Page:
Murder mysteries. The roaring 20s. Australia. A WWAM affair. The list of reasons why you should really be watching Miss Fisher’s Murder Mysteries is about as long as my arm. The plucky and glamorous Miss Fisher, unmarried in her late 30s, is anything but an “old maid”. Wreaking havoc in Melbourne’s police office in glamorous outfits and with a continental approach to life, the show includes many references to social expectations and gender roles of the 1920s in a humorous, yet earnest manner.
*CAREFUL SPOILERS FOR SEASON 1*
That being said, I was still swept off my feet when it turned out that Miss Fisher, who takes lovers from any country that tickles her fancy, counts a handsome Chinese among those notches on her bedpost. Lin Chung (played a multiracial Philippe Day a.k.a Sung) is from a well-to-do family with impeccable English, impeccable manner and an impeccable dress style. I was even more surprised that uncharacteristically, Lin reappeared in a second episode/ This has so far been fairly unusual, as it’s mostly been Wham Bam, Thank You Man for the illustrious Ms. Fisher.
The first episode ended in a slightly disappointing manner, with Lin set to return to China to enter an arranged marriage he was not keen on, as the future in-laws had ties to opium, of which he was not a fan. His fiancé, it was hinted, was a headstrong young woman, clashing already with her future Mother-in-Law. The whole story arch was fascinating, as it showed a strong Chinese man with moral integrity, who decides to work within the framework of arranged marriage he has been given to fight the corruption of opium from within, once he has married into the familt. The mother-daughter-in-law relationship again is a very common source of conflict in China, as was, at the time the opium trade. Therefore, I want to commend the writers of this story arch for showing a deeper understanding of the goings-on in China’s society at that time and coming up with a story that also has a remarkable Asian male character.
In the second episode that Lin appears in, again, we are reminded that Phryne Fisher just doesn’t do things by the book. His engagement has been on the rocks anyway due to his future wife having been divorced, a fact Lin’s Mother cannot accept as it constitutes such a loss of face. As Lin offers to break off the engagement because he loves Phryne, she tells him she can never commit like that to a man – a bittersweet moment, as I was cheering for my henceforth favourite WWAM couple, but also impressed that it was her as the woman who didn’t want the committed relationship.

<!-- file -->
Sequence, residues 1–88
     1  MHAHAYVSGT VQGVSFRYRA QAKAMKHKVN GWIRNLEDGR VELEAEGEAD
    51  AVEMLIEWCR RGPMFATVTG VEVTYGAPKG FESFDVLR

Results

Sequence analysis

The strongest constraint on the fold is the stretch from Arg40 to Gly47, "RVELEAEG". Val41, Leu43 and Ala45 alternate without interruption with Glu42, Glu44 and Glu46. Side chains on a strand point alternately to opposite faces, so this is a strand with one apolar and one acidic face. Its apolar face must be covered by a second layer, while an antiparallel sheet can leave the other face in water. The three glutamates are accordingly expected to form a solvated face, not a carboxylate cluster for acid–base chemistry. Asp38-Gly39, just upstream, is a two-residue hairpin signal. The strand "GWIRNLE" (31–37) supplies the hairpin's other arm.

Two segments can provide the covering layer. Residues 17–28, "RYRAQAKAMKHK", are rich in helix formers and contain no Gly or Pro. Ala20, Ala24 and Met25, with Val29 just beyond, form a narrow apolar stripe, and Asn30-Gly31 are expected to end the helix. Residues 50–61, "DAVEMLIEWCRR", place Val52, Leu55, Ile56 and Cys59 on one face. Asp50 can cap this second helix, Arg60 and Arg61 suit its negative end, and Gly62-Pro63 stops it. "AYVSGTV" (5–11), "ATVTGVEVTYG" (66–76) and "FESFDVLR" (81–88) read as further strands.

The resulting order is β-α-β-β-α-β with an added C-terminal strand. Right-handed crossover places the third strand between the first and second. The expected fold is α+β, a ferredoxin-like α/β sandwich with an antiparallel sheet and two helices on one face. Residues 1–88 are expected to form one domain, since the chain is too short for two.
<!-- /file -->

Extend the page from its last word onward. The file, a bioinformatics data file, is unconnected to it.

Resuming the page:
Throughout the episode it transpires that Camilla, Lin’s fiancée, is actually also a secret communist. Another reason for the MIL to be against the match. However, after Phryne tells Lin he must go ahead with the plan to marry Camilla, and becomes quite a substantial advocate of the young, English-speaking Communist revolutionary, Lin finally stands up to his mother and tells her he is taking over his duty as man of the household and as such she will respect his choice of wife. Yet again, we get an interesting glimpse into what is going on in faraway China at the time, where political fractions and feudal families are battling for the upper hand. We also meet a woman Phryne admires – and therefore we as viewers do too. Yet, she happens to be a Communist. I don’t know about yourself, but I’m hard-pressed to remember many Western TV shows or movies making me want to cheer for the Communist side.
The show has done a very good job at taking aspects of Chinese culture and history that can easily portrayed in a cynical or stereotypical way – arranged marriage, opium trade, the MIL-DIL relationship and Communism – and worked it into their storyline not as something depressing, negative or horrible, but as something much more human.
I hear rumours Lin and Camilla might be back in further episodes, so I think there will be more to write about very soon.
Where’s Wang is WWAM BAM!’s bi-weekly column
“For the most part, what we see of Asian male sexuality is the assertion of a stronger Western virility at the expense of Asian masculinity. In short, the imagery takes Asian men lightly, as less-serious competitors for women, and less-competent fighters.” Sheridan Prasso, The Asian Mystique
The “Where’s Wang” tag allows us at WWAM BAM! to review how present this bias is within sitcoms and other tv shows having come out of the Hollywood machine (and other media) over the past few years, and review any media through an AMWF lens.
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